Virtual assessment of the solar energy potential on house roofs – Total & Google Cloud Team Up


Clean power supply

Published on October 17, 2020 | by Zachary Shahan

17th October 2020 by Zachary Shahan

Total and Google Cloud are excited to announce that they have pooled their expertise and developed a tool called Solar Mapper. With this tool, they want to “accelerate the use of solar panels for individuals (B2C) by providing an accurate and quick estimate of the solar energy potential of their homes”. It is planned to start this service in Europe and then expand it worldwide.

# SolarMapper????️ uses #AI algorithms that deliver better results than current tools and improve:

Data quality of ????️ images
Sharpness of the estimation of the potential
Global territorial coverage
Relevance of the technology to be installed

Lear more⤵️https: //

– Total (@Total) October 13, 2020

Solar Mapper – is this new?

My first thought was, “Some solar companies did this a decade ago.” I remember the same PR pitches from some solar startups about 10 years ago. So is this just prepackaged PR from a big oil and gas company trying to break into the cleantech world?

I can’t say for sure as I don’t know the technologies – and what they spend – very well. The claim, however, is that the hardware and software that make this possible have gotten much better and totally unlocks the best of the best. That can be the case. I dont know. This is how they put it:

“Solar Mapper uses brand new artificial intelligence algorithms that deliver better results than current tools, especially by improving:

    • The quality of the data extracted from satellite images;
    • The sharpness of the estimate of the solar potential;
    • The relevance of the technology to be installed;
    • The global geographic coverage of the tool. “

I can say that in this simple press release they touched on the key areas where such services could be improved, which means they have taken the option to another level.

The Total crew, who are generating interest in this new cleantech path for the traditional fossil fuel company, suggests that Solar Mapper can be used effectively in more than 90% of France. This “enables many more people to assess the solar potential of their homes more precisely than before,” said the French giant.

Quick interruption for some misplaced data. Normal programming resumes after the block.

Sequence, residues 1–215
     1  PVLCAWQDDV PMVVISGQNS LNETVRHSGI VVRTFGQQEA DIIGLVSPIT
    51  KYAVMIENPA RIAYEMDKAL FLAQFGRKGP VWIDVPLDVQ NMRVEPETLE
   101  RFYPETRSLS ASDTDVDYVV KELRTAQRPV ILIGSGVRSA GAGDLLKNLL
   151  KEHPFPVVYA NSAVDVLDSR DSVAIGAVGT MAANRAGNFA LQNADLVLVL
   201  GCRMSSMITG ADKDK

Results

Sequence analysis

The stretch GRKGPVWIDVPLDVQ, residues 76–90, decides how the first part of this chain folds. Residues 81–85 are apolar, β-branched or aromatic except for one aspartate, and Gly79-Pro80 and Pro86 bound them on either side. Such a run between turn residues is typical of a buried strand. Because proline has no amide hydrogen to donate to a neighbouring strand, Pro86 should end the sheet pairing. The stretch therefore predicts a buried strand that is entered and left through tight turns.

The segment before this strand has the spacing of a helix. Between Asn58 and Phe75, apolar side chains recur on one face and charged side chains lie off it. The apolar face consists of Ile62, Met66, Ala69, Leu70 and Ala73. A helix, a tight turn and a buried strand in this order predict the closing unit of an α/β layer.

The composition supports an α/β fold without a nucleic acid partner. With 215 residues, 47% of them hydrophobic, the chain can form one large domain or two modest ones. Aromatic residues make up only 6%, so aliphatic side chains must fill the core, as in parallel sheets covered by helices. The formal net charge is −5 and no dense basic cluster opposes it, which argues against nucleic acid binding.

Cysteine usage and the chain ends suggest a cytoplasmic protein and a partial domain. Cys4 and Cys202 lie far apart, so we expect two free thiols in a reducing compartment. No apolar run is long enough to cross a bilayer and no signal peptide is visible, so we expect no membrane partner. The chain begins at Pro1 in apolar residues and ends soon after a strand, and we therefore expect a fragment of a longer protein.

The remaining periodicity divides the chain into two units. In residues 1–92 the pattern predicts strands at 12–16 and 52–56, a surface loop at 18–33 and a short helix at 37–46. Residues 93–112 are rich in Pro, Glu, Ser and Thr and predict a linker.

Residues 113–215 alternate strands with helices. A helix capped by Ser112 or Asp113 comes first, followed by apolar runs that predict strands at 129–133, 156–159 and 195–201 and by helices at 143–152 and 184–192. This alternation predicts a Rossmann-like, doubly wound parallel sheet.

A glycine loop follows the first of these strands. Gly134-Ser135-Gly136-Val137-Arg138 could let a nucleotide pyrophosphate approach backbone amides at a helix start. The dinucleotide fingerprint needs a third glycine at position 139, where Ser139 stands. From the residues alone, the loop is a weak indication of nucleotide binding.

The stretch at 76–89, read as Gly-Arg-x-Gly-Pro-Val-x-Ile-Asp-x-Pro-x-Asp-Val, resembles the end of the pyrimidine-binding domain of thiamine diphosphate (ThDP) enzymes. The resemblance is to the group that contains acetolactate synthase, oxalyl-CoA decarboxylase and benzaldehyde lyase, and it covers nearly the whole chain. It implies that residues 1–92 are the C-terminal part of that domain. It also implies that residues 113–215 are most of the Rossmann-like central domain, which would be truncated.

Total is constantly sneaking into cleantech

Photo by SunPower

As a reminder: Total does not come to solar energy from nowhere. The company has long been the majority shareholder of SunPower, one of the world’s leading manufacturers of solar modules and one of the leading suppliers of solar energy in the United States. It has also invested in large solar farms in India and elsewhere, offshore wind power in Scotland, floating solar power and more. So I wouldn’t consider any new investment or initiative to be a fluff effort or naive. The company is one of the most cleantech-focused oil and gas majors. The plan to deploy this mapping tool in France and then expand globally is a potentially gigantic plan. One might think that this tool would find its way into SunPower’s repertoire.

“Solar Mapper is contributing to the group’s efforts to become a world leader in the production of renewable energies and, together with society, to achieve net zero emissions by 2050,” the company states.

“With Solar Mapper, Total can install solar panels faster on the roofs of houses to provide its customers with more affordable and accessible solar energy,” said Marie-Noëlle Séméria, Total’s Chief Technology Officer. “By combining Total’s know-how in the field of solar energy with the know-how of Google Cloud in the field of artificial intelligence and databases, we were able to develop an attractive and innovative offer together in just 6 months.”